DBaaS solutions built by third parties on top of the infrastructure provided by the cloud vendors may offer additional options, as well as the opportunity for the vendor to assist with more complex tuning needs than the big cloud vendors will.
Deployments on Kubernetes can also vary wildly in the options available. The Kubernetes deployment itself may be provided as a service, or deployed manually onto virtual instances. The latter will give you far more control over the underlying operating system of course (such as the ability to select a specific kernel scheduler), but you still may be limited in what can realistically be tuned to meet the needs of demanding workloads — especially if other components of your application must share the same Kubernetes infrastructure. The deployment may also get particularly complex if you want to make use of tablespaces with different IO characteristics.
Weigh up the pros and cons of a deployment that is more complex to setup and maintain, but offers far more opportunities for tuning and customisation, over ones that can be deployed with a few clicks, but offer little in the way of options for low-level management. Factor in the level of support available and possibilities to get help with advanced tuning.
3) What failures do you need to tolerate?
Failures are inevitable, whether due to issues with the database software, operating system, or underlying virtual or physical hardware on which it all runs. Cloud environments make it very easy to have geographically diverse replicas, which can also be utilised for offloading report workload or load balancing read-only queries. More complex systems such as EDB's BDR (Bi-Directional Replication) can offer both read and write servers in multiple locations, as well as "always on" fault tolerant architectures.
For the most simple deployments, a single database instance with backups taken at a suitable interval — optionally with transaction log archiving to allow point-in-time recovery — may suffice. If your requirement for recovery time (RTO) is low, this may be a relatively cheap option. If your requirement for recovery point (RPO) — how recently in time data can be recovered to — is long, even more can be saved by not archiving transaction logs.
For deployments where RTO is higher, replicas are essential; and if it's crucial that no committed transactions can be lost, synchronous replication to at least one node of a three node or larger cluster can be used.
Geographic redundancy (GRO) is also important in some environments. In the cloud, clusters can often be spread over multiple availability zones within a single region; you might think of this as having replicas in different buildings, in the same city. This protects against localised failures such as loss of power or connectivity to one of those buildings.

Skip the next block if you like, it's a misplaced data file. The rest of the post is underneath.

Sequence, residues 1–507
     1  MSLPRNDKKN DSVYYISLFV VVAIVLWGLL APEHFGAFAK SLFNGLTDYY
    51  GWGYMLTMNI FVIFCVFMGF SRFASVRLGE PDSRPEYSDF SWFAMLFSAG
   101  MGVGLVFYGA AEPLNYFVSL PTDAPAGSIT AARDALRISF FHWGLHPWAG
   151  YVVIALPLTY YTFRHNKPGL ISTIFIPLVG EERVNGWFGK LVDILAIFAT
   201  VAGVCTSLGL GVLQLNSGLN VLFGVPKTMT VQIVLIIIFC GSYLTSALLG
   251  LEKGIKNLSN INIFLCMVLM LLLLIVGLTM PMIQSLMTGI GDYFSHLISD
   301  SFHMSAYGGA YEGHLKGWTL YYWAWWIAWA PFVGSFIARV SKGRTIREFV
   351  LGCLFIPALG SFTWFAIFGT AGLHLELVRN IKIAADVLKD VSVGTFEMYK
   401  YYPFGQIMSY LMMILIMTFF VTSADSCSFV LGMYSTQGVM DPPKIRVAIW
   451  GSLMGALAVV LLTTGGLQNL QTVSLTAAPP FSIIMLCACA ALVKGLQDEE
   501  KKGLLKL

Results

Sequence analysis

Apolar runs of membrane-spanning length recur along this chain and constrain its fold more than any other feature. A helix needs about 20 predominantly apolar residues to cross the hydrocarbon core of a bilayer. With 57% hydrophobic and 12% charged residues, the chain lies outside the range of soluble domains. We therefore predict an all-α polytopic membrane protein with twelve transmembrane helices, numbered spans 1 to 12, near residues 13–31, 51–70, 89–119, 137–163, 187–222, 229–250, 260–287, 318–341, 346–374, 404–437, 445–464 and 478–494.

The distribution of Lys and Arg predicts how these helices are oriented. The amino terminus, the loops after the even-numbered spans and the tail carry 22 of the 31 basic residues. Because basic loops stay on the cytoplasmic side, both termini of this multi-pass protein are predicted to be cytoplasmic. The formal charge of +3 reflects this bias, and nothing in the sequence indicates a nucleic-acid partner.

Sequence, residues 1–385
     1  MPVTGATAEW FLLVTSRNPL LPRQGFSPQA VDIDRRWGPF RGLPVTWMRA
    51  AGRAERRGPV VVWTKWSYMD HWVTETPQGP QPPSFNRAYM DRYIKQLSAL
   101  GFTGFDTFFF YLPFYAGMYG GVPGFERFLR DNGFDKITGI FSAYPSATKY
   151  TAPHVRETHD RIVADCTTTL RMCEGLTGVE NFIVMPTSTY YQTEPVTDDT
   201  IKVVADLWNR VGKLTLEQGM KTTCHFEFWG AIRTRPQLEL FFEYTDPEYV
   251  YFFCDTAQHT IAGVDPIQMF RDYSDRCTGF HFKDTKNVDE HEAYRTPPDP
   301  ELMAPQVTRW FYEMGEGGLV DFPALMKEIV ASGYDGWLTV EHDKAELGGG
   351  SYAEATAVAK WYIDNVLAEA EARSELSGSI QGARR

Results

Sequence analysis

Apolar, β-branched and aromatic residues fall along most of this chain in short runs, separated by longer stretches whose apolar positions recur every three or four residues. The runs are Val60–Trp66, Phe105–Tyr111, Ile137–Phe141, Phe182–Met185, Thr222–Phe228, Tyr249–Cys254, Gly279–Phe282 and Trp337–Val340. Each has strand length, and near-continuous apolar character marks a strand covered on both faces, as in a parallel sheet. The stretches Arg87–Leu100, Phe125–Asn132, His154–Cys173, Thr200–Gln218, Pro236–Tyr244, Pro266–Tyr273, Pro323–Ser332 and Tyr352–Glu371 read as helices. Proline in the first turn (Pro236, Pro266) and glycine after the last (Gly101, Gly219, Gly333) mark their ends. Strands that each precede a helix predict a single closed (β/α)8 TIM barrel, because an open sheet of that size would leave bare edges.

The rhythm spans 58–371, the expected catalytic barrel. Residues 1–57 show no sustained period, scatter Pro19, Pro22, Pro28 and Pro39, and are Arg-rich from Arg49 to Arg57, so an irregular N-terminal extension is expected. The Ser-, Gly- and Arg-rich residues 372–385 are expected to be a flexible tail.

In deployments with a very high GRO, you might consider having one or more replicas in an entirely different region; typically a different state, country, or continent. This can protect against widespread failures of an entire cloud region from natural disasters, such as an earthquake.
Consider your requirements for recovery time, recovery point, and geographical redundancy when planning your deployments. Minimising downtime, minimising the amount of possible transaction loss, and protecting against large, wide-scale failures all add to the complexity and cost of your deployment.
4) What are the cost implications?
It's relatively easy to estimate the cost of running a PostgreSQL instance in the cloud; providers often provide a pricing calculator to help with this. However, it can be common to overlook or underestimate the cost of the storage required which can be surprisingly high, especially when provisioned IOPs are allocated. Make sure that you keep this in mind, as well as the fact that the storage costs may differ between DBaaS services and plain virtual instances with attached block storage that could be running PostgreSQL.
Data transfer between DBaaS instances and virtual instances within the same region is often free of charge, however, cross-region may not be, and internet egress usually isn't (although ingress is often free). Consider what the data flows will look like in your application infrastructure, and weigh the expected costs into your choice of cloud provider and application design. Network costs for database use are typically very low compared to the storage and compute costs (whether DBaaS or virtual instances), but it can get expensive if you have very high volumes of egress to the internet or cross region.